Vibration control technology makes this guitar sound like a completely new instrument.
Performer prances around on stage inside the giant metal exoskeleton of a robotic nocturnal bird, feathered MIDI awesomeness ensues.
For centuries pianos have been made of wood and metal, but a Dutch company thinks its acrylic version is clearly better.
This jam is sure to jump start your week.
You're about to see a one-of-a-kind music video.
In 2005, the English Folk Dance and Song Society gave sound sculptor Henry Dagg six months and $90,000 to create some interactive pieces. Nothing went according to plan.
The Internet has given us many great things, such as the ability to take fraud to entirely new levels. Well, the music industry isn't blind to this fact. YouTube recently discovered the big three, Universal, Sony/BMG and RCA, have been adding false video views to their particular artists' videos.
The record industry has suffered its fair share of setbacks, most notably the disruption of the business due to digital music files. But many audiophiles and music purists continue to cherish their vinyl collections. For those old school souls, a new promotion offers a cool bit of innovation that allows you to create your own, playable records at home, out of ice.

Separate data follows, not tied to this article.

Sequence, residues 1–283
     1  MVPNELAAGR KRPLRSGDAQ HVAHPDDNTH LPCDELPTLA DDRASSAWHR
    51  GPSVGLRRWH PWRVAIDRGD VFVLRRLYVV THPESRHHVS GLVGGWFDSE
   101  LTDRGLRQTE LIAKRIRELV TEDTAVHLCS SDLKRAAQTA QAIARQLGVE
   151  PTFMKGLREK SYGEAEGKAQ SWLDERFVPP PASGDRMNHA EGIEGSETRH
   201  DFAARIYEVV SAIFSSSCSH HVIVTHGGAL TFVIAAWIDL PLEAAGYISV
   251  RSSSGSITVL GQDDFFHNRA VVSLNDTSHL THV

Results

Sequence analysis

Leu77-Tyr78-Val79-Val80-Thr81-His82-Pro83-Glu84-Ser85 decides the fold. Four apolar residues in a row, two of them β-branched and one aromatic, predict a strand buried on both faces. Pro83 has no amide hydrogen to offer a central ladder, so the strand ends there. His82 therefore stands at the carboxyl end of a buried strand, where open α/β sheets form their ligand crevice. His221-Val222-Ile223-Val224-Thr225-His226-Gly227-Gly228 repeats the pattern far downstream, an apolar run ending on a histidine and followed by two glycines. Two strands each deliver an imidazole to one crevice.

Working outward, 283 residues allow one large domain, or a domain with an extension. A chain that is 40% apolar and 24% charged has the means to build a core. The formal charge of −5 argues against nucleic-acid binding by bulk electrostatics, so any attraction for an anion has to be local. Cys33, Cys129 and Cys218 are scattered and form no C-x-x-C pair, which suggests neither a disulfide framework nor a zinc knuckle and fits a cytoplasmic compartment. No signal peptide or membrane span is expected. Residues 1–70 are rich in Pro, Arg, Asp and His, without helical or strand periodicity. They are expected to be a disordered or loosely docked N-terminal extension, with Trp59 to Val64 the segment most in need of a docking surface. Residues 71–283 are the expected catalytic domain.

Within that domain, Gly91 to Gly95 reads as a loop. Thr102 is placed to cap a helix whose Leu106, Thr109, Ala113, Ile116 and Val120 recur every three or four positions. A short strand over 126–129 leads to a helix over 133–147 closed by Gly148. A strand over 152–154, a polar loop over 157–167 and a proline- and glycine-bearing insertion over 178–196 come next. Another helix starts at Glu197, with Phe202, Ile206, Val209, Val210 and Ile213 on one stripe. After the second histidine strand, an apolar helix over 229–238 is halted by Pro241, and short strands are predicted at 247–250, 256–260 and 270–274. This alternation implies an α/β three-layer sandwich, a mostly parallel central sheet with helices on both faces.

Earlier this year we went hands-on with Leap Motion and its gesture interface that promises to bring the seemingly high-priced dream of Minority Report-style interfaces to the masses. We're still a few months from its official launch, but one developer has already come up with an amazing innovation on the technology called the AirHarp.
Although the rise of virtual instruments has changed the sound and look of the music landscape, for instrumental purists there is still a way to indulge in tech-powered music advances without losing that old school feel — as long as you're okay with your bass player being a robot.